The Asteroid No. 4

Hail to the Clear Figurines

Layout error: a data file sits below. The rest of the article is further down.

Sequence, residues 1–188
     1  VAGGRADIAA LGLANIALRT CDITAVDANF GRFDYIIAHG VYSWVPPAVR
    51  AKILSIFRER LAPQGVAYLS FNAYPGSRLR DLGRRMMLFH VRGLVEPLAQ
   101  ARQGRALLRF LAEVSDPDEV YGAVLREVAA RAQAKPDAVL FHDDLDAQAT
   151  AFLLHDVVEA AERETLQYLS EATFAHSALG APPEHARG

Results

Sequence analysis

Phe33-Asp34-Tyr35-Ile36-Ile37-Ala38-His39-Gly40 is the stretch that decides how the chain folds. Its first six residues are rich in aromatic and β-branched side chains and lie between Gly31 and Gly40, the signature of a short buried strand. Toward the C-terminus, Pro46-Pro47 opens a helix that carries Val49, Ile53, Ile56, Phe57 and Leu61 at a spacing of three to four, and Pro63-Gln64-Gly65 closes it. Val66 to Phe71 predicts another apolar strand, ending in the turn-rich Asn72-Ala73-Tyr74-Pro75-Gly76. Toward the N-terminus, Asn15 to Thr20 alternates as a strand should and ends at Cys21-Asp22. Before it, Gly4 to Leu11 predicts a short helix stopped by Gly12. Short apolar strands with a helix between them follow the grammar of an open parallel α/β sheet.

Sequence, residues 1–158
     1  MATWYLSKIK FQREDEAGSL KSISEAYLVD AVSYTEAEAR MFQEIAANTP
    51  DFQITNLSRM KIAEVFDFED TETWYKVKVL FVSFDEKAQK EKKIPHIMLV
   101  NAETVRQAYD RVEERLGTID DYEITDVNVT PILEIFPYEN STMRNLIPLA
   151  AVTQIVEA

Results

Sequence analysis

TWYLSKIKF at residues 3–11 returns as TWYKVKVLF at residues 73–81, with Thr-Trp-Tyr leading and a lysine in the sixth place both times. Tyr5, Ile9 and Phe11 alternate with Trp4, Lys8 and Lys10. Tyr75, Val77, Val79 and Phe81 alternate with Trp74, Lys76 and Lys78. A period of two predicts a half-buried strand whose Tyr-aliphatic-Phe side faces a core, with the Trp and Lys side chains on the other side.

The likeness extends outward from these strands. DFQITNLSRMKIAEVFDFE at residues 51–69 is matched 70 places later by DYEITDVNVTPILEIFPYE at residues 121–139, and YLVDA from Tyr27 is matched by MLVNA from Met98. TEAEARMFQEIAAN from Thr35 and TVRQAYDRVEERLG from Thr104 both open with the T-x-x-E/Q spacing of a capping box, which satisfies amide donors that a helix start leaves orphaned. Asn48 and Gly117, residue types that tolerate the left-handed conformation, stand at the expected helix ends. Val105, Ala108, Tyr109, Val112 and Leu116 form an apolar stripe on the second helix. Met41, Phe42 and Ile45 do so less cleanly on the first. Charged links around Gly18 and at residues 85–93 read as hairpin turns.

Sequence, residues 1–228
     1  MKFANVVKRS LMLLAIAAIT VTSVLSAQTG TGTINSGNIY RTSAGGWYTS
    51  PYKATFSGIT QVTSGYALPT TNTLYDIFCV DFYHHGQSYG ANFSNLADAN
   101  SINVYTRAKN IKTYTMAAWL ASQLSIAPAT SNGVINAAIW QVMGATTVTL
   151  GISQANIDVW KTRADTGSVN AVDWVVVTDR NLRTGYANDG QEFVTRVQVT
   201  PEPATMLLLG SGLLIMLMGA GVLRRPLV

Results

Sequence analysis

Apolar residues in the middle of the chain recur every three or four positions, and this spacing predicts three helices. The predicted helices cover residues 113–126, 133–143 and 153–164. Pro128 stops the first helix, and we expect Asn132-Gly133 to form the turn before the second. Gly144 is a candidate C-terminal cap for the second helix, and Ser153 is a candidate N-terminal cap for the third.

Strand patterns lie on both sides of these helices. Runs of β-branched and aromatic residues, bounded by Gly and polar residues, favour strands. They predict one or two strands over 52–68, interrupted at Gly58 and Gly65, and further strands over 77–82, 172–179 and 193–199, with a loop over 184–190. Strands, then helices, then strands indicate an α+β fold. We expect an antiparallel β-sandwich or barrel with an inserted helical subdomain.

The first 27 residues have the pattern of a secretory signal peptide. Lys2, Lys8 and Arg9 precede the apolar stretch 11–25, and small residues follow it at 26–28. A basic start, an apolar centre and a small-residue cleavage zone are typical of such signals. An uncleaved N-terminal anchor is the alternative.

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Having long since carved out their own enjoyable niche of fuzzed-out psych garage groove and snarl, the Asteroid No. 4 essentially keep at it on Hail to the Clear Figurines, showing that, like their near contemporaries the Sand Pebbles, there's always something to be found in that forever-1968 intersection of impulses that hotwired the whole thing. The opening song, "Wicked Wire," has both sweet, echoed harmonies to die for and a stomping strut, taking it to the limit seems to sharply encapsulate the band's strengths as a result. The album's easygoing way around a variety of disparate yet ultimately simpatico sonic touchstones recurs throughout: the combination of country-tinged ramble and reverb and tremolo on "The Unknown"; the slow burn to full rampage of "Be Yourself by Yourself" shifting into the Sandpipers-ish strum and drift of "A Sunny Day (One Afternoon)," which itself then fires up a huge burst of drone noise partway through. What's just as fun are the extra fripperies and twists that crop up along the way. Starting off "Wild Opal Eyes" with an extended harp part making its way along (and cropping up again later in the song) is a great touch on its own, but hearing the further additions on songs like the moodily sweet chug and swing of the title track is especially sharp. Then there are just those moments that are simply wonderful straight up: the breathtaking, lovely solos halfway through "Got Nowhere to Go" feel like much of the best of 50 years' worth of psych and shoegaze wrapped up with a bow. (There's also something fun about how the brief "In the Interest of Captain Marbles" almost sounds like a prime Monochrome Set instrumental track.)

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